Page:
Buyer pressure on suppliers in 2016 resulted in the cutting of millions of tonnes of greenhouse gas (GHG) emissions.
A report by non profit CDP said 89 companies, who wield purchasing power of $2.7tn and include BMW, Johnson & Johnson, Microsoft and Wal-Mart, cut 434m tonnes of GHG emissions from their suppliers, more than France’s total emissions in 2014.
“With supply chains responsible for, on average, four times a company’s direct emissions, they are a critical focus area for global corporations seeking to avoid the risks and capitalise on the opportunities presented by the low-carbon transition,” said CDP.
However, the report, which assessed more than 4,300 firms across the world, said companies can do more with their “buying clout” as only 22% work with suppliers to reduce emissions and just 16% engage on water use.
CDP said suppliers had made savings of $12.4bn from emissions reduction projects but they were “failing to capitalise on low-carbon opportunities, with fewer than half setting climate targets”.
The report said barriers to engagement included lack of experience in calculating and managing emissions, a perceived lack of leverage over business partners, costs associated with managing an engagement programme and an absence of mandatory requirements.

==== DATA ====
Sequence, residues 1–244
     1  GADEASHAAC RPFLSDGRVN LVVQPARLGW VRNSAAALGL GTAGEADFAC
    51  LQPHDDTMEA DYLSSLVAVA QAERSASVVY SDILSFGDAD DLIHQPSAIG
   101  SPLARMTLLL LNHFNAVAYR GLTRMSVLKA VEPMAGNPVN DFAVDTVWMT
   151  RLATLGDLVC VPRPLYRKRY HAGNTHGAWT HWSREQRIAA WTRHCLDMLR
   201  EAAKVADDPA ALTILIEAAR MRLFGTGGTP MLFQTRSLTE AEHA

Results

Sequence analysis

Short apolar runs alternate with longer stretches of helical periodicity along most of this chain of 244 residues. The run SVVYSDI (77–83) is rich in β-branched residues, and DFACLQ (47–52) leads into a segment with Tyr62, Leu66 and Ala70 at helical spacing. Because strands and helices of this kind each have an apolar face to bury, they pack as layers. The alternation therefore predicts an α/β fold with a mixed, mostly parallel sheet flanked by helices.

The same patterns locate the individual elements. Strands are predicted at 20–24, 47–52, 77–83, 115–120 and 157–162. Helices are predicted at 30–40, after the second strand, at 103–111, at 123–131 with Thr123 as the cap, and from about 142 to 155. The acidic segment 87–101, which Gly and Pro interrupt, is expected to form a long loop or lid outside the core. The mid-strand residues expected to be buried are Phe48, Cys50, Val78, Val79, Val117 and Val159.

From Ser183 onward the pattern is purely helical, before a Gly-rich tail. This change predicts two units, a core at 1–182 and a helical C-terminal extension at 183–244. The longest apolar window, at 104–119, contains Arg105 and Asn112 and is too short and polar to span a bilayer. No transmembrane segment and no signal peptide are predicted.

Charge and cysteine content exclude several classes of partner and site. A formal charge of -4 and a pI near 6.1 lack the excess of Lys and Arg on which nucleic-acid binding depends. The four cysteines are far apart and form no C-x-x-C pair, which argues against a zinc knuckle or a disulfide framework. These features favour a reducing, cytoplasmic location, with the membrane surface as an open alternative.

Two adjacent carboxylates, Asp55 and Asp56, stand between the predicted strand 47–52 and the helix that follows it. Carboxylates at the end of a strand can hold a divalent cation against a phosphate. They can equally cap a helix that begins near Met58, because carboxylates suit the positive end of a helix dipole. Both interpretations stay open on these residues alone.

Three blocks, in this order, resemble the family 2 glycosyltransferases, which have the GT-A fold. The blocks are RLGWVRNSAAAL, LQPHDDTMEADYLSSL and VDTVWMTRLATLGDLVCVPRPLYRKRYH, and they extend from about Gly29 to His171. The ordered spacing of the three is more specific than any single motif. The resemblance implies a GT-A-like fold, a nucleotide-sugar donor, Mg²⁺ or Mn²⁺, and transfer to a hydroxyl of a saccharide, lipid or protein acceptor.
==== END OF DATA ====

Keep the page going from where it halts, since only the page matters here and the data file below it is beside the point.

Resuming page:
Firms also face a lack of transparency, with 47% of suppliers not responding to customer requests for climate and water-related disclosure.
The report, produced in partnership with sustainability non profit BSR and the Carbon Trust, highlighted 29 companies awarded places on CDP’s first “supplier engagement leader board”, recognised for working with suppliers to “reduce emissions and lower climate-related risk in the supply chain”.
These include Braskem S/A, a Brazilian petrochemical firm that runs workshops with suppliers to help them reduce emissions and costs, and Hewlett-Packard, which helped its suppliers avoid 800,000 tonnes of emissions and save $65m with efficiency improvements.
Tara Norton, managing director of BSR, said: “Large buyers have a tremendous opportunity to catalyse supplier climate action, both through addressing the drivers of inaction and by elevating and rewarding those suppliers that demonstrate leadership.”
Tom Delay, chief executive of the Carbon Trust, said: “Supply chain is the next frontier in sustainability. Managing the environment impact of your own operations is expected behaviour. But the greatest opportunities for reductions are typically outside of your direct control, in the supply chain.”
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